- The Washington Times - Wednesday, February 24, 2021

President Biden on Wednesday blamed a difficult presidential transition period for the relatively slow pace of his Cabinet-level nominees winning Senate confirmation.

Mr. Biden said he’s disappointed that the Senate hasn’t confirmed more of his nominees but that he doesn’t blame Senate leaders.

“I blame it on the failure to have a transition that was rational,” Mr. Biden said after signing an executive order on supply chains at a White House event. “As you know, previous administrations had a significant number of their Cabinet confirmed before they even were sworn in. That’s the tradition.”

“But we’re doing fine. I think we’re going to be in good shape,” he said.

Presidents have to be sworn into office before they can officially send nominations to the Senate, though the chamber has teed things up in the past to confirm a president’s nominees on the same day they are sworn in.



Mr. Biden’s team reported difficulties during the post-election transition period with officials at the Defense Department and the Office of Management and Budget (OMB) in particular.

More than a month after Mr. Biden‘s taking office, the Senate has voted to confirm nine of his Cabinet-level or major nominees, including Defense Secretary Lloyd Austin.

Former President Trump also had nine Cabinet nominees confirmed at the same point in his single term in office.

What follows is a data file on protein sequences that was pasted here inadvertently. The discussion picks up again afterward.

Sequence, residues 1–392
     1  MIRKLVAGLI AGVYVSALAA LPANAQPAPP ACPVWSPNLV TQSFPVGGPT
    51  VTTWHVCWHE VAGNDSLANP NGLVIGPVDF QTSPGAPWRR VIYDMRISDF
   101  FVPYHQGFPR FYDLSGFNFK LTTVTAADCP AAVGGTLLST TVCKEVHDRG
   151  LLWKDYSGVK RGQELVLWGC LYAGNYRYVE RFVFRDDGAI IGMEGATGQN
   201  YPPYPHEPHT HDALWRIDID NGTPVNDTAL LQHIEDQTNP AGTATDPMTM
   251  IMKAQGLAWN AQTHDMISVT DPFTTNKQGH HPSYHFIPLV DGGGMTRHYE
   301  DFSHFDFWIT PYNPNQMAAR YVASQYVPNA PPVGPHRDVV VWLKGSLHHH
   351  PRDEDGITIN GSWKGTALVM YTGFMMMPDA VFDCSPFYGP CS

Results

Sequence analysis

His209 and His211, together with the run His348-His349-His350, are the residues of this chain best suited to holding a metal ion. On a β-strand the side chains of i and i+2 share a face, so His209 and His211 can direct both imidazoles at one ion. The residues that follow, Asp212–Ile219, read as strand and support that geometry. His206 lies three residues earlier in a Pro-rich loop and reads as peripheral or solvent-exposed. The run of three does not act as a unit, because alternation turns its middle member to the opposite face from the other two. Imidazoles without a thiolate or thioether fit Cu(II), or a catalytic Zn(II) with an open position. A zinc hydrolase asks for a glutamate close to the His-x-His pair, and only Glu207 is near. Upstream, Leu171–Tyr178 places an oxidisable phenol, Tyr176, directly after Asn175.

Former President Obama had 10 of his nominees confirmed within a week of his taking office, former President George W. Bush had 11, and former President Clinton had 13, according to the Partnership for Public Service.

Part of the issue for Mr. Biden is that Senate leaders didn’t strike a power-sharing agreement in the 50-50 split chamber until two weeks after Inauguration Day.

Vice President Kamala Harris’s tie-breaking vote gave Democrats effective control of the Senate floor on Jan. 20.

But the lack of a new organizing resolution had kept the chamber in a strange limbo where Republicans still controlled the committees Mr. Biden‘s nominees had to pass through, under the rules of the previous Congress.

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